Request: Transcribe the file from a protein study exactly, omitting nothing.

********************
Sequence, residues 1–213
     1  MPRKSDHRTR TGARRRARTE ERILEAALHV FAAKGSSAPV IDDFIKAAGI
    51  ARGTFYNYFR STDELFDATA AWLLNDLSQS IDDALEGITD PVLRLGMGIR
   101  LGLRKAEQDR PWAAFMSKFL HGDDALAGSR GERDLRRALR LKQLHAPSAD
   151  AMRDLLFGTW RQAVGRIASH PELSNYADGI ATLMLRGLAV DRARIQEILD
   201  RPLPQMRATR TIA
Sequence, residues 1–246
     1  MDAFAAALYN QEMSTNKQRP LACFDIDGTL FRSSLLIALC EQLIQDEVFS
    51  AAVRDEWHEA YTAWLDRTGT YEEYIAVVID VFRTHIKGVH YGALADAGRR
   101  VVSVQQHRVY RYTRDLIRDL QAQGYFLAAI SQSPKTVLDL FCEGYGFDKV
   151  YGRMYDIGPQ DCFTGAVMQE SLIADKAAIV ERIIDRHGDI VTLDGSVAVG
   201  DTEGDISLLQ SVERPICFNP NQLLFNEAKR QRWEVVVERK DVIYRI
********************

Sequence, residues 1–213
     1  MPRKSDHRTR TGARRRARTE ERILEAALHV FAAKGSSAPV IDDFIKAAGI
    51  ARGTFYNYFR STDELFDATA AWLLNDLSQS IDDALEGITD PVLRLGMGIR
   101  LGLRKAEQDR PWAAFMSKFL HGDDALAGSR GERDLRRALR LKQLHAPSAD
   151  AMRDLLFGTW RQAVGRIASH PELSNYADGI ATLMLRGLAV DRARIQEILD
   201  RPLPQMRATR TIA
Sequence, residues 1–246
     1  MDAFAAALYN QEMSTNKQRP LACFDIDGTL FRSSLLIALC EQLIQDEVFS
    51  AAVRDEWHEA YTAWLDRTGT YEEYIAVVID VFRTHIKGVH YGALADAGRR
   101  VVSVQQHRVY RYTRDLIRDL QAQGYFLAAI SQSPKTVLDL FCEGYGFDKV
   151  YGRMYDIGPQ DCFTGAVMQE SLIADKAAIV ERIIDRHGDI VTLDGSVAVG
   201  DTEGDISLLQ SVERPICFNP NQLLFNEAKR QRWEVVVERK DVIYRI